Why 3.3.1 is the best thing what happened recently

The IT industry is in turmoil over a change Apple did in their iPod/iPhone/iPad license:

Applications may only use Documented APIs in the manner prescribed by Apple and must not use or call any private APIs. Applications must be originally written in Objective-C, C, C++, or JavaScript as executed by the iPhone OS WebKit engine, and only code written in C, C++, and Objective-C may compile and directly link against the Documented APIs (e.g., Applications that link to Documented APIs through an intermediary translation or compatibility layer or tool are prohibited).

Basically, what they are saying is “you will use our SDK and that’s it!” I’m not going to expand the point that about 90% of the people complaining about this change did not and wouldn’t ever write an App for the Apple store.

The good thing about this all is that Adobe thought it was a direct attack to their Flash platform (which I kinda don’t agree because I have my own conspiracy theories, but I can see their point) and decided to bash Apple. Apple (Steve Jobs, actually) decided to write a long response to Adobe. Yes, there are a lot of wrong points on it and I’ll let you read Thom Holwerda article about this.

If there is a lot of bashing around, why I think this whole mess is any good?

Well, first of all, Jobs is right about Flash: I’m tired of closing Firefox ’cause a Flash applet is burning my CPU just to show a small game of two guys trying to beat each other in eating bananas or because, apparently, the runtime is still running, eating memory and making Firefox slow. Flash is not accelerated in anyway in OS X or Linux, even if the technology is around for years. And Jobs claims about Flash will (or, at least, I hope it will) force Adobe to produce a decent runtime for Flash very soon. The more Jobs bash them, the better.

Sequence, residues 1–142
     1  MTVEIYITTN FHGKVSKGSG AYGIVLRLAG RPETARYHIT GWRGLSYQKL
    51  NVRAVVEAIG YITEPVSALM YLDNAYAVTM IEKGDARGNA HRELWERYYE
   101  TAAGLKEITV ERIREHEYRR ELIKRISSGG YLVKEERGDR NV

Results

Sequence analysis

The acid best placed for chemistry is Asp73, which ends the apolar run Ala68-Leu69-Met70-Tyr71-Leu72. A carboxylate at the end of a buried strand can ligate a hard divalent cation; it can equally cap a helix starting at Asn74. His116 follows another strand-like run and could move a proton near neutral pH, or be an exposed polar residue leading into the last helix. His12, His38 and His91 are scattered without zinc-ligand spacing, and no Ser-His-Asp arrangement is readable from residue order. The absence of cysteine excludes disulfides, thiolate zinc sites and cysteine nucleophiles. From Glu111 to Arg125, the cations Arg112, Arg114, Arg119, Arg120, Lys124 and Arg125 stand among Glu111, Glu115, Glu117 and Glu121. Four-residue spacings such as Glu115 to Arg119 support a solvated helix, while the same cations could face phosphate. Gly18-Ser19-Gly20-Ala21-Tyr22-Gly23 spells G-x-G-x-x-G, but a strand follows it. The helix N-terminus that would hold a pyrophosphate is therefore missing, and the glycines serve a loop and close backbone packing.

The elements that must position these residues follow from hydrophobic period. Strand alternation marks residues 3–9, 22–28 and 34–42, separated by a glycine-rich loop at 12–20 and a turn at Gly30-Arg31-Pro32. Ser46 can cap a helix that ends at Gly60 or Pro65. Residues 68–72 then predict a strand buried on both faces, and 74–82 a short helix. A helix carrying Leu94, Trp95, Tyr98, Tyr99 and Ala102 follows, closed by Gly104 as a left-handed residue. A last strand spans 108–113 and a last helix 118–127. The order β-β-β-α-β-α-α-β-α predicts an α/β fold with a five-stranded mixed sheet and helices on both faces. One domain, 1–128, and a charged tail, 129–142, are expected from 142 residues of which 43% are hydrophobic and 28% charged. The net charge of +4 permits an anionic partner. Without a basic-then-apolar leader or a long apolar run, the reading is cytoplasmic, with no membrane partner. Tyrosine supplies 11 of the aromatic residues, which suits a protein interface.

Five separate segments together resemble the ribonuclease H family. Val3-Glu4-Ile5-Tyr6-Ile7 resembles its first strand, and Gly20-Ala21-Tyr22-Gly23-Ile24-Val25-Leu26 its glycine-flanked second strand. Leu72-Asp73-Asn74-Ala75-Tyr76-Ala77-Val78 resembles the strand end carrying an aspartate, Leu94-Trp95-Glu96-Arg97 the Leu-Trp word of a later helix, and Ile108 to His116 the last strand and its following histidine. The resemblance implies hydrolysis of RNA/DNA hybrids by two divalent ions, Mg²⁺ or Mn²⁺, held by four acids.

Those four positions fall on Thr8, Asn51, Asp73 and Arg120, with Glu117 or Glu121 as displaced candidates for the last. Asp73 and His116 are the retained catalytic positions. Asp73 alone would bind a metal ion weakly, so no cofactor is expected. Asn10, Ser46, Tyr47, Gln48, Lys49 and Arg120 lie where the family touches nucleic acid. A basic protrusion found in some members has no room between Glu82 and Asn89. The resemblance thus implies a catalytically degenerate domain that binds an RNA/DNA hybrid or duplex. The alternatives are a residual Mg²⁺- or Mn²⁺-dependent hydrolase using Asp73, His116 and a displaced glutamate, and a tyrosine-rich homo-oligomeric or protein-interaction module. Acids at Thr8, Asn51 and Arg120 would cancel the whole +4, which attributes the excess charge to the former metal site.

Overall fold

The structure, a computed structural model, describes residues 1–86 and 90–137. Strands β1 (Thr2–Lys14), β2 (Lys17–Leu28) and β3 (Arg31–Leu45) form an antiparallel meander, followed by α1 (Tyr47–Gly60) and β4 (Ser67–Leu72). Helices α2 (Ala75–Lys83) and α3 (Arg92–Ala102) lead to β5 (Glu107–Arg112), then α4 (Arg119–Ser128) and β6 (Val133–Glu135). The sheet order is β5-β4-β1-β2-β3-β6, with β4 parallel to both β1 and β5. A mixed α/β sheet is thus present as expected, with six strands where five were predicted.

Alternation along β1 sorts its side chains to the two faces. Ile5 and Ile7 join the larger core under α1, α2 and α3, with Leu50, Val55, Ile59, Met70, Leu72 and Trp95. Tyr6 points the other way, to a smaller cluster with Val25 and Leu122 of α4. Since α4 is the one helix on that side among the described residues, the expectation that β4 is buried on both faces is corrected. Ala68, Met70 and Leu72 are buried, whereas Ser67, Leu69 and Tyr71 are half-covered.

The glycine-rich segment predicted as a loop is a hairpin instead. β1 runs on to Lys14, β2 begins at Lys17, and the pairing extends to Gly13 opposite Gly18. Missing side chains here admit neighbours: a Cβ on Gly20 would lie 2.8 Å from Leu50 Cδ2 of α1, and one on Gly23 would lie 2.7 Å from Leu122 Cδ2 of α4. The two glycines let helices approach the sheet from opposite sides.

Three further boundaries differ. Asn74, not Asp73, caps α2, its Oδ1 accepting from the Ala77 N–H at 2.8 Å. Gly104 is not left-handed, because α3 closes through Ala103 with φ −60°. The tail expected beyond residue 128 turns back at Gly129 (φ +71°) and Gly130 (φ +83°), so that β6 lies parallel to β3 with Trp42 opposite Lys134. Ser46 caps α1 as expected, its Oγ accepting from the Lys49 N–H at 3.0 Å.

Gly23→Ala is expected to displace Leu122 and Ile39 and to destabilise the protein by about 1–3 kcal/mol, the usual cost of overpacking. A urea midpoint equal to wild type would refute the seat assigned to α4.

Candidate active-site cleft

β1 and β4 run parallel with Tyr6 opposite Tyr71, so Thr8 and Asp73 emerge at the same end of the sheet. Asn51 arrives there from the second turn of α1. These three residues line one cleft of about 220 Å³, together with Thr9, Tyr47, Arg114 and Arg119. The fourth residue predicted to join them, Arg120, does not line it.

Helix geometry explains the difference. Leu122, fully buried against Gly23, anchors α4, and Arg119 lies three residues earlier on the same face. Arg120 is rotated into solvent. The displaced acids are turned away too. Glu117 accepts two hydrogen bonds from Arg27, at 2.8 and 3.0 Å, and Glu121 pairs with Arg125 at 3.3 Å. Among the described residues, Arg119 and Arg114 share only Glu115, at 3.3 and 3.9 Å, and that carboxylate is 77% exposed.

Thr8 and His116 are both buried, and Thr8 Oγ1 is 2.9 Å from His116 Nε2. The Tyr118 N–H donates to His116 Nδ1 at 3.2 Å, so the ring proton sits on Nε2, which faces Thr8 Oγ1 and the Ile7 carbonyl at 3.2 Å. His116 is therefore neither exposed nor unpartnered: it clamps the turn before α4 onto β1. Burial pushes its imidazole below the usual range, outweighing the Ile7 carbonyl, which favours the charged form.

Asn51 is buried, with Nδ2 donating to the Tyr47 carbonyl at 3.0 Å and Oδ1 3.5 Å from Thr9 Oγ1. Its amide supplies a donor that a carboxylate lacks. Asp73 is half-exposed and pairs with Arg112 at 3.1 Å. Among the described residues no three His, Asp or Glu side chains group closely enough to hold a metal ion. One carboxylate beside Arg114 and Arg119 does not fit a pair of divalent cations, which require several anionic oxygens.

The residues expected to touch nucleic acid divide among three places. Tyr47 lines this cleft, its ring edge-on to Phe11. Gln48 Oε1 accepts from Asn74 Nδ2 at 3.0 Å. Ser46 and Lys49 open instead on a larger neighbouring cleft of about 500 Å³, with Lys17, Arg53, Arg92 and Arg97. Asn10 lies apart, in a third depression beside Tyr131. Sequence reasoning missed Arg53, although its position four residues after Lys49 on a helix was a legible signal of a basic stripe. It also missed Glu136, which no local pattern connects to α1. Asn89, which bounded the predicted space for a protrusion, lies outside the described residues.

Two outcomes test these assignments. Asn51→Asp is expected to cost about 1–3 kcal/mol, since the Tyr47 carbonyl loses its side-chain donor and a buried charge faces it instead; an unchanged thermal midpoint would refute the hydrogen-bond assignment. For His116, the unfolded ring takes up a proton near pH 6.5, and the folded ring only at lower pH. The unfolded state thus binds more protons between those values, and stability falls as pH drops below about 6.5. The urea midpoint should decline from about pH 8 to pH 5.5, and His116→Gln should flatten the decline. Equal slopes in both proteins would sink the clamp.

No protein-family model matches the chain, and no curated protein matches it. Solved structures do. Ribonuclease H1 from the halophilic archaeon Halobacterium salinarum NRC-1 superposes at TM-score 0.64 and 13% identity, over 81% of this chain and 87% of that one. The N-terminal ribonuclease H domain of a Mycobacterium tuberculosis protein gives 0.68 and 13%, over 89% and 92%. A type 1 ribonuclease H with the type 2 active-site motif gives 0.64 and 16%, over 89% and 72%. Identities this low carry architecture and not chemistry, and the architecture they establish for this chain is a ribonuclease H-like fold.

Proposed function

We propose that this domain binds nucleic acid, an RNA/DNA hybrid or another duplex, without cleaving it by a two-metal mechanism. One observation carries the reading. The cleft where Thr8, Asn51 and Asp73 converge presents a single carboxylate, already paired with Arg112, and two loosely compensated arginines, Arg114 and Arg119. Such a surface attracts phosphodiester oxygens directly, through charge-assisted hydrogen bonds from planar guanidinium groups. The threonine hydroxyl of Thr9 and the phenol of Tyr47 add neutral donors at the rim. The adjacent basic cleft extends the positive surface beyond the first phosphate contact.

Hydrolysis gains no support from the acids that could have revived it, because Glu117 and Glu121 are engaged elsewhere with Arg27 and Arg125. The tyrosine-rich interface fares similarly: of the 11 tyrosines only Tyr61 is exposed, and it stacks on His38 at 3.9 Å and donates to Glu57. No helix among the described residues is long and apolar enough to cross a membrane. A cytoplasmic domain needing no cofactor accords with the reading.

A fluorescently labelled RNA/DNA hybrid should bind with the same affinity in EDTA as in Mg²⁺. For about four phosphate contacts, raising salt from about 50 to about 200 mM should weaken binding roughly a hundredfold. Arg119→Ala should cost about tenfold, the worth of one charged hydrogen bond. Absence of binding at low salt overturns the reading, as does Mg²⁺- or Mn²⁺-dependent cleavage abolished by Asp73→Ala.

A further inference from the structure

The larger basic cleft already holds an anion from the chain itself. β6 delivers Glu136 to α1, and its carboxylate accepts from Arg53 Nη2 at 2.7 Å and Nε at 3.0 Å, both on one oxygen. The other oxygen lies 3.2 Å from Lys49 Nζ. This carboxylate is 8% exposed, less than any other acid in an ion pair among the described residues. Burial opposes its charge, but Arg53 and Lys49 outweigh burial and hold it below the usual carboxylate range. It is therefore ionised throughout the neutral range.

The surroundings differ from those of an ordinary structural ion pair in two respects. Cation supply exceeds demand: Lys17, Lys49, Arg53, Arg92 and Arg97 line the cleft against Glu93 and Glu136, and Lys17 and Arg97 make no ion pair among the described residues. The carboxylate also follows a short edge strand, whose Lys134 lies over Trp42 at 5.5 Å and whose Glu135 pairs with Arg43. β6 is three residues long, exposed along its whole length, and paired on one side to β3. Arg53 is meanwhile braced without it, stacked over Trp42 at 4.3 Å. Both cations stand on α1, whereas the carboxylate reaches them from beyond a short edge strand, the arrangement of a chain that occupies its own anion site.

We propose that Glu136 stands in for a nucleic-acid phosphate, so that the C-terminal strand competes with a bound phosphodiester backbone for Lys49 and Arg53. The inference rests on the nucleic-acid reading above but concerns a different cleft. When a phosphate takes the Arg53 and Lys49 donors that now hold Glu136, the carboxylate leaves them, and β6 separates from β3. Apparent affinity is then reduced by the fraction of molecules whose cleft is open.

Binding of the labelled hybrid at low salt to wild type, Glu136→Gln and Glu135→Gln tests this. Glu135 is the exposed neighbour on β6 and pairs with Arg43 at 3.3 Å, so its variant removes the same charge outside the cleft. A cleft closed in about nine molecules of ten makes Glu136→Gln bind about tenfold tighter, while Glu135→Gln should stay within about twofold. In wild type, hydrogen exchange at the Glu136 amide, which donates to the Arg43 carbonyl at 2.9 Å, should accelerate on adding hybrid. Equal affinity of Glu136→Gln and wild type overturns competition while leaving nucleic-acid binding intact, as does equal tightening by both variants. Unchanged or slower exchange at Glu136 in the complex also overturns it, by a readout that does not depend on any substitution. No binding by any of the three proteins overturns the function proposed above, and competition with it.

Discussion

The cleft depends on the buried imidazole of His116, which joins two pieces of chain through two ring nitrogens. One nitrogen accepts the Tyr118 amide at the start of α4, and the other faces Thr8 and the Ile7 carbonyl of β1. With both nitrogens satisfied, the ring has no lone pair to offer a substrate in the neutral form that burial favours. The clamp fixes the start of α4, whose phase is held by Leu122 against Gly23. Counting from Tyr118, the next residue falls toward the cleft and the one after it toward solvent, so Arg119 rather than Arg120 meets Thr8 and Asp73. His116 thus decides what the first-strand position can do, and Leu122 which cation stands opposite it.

Second, we finally have a good discussion about the open platform of the future: the web. I can’t recall so many discussions about HTML 4.0 or XHTML 1.0 before this. And now we have a lot of people discussion the merits and weakness of HTML 5. “Can it do that?” “Can it replace this?” and such will only improve the draft even further. The “can’t”s is actually the best point of this all: If the W3C keeps an eye on it, who knows what new features HTML 5.1 will have?

As a side note to the HTML 5 discussion, it seems that some companies are already aiming products that will use HTML 5 features (Google seems to be pushing better features for HTML5-capable browsers, although the look and feel is still the same) and I expect that in a few months, some sites will display the dreaded “this page requires [browser X] or superior” what we saw in the 90s. But it will be for a good thing: old, bug ridden browsers will not display things properly and people will be force to drop that in favor of newer, better browsers. And not only that, but the hidden “you need that browser because we put something that only that browser supports” will be replaced by “you need that browser because we put something that only the new, open standard supports it”.

Third, still part of the HTML 5 discussion, we have the h264 codec discussion (which is the codec used to transmit videos on the web in HTML 5.) Jobs position of the “open web” pointing h264 is just bringing more and more discussion about the patent encumbered codec. The more Jobs hits the point about this, the more people will point that h264 is not an open codec and that, sooner or later, some company may screw the whole internet because they got angry with someone and decided to revoke all licenses.

The whole Adobe vs Apple discussion is awesome for the open web, because both companies are pointing exactly what’s wrong with the current situation.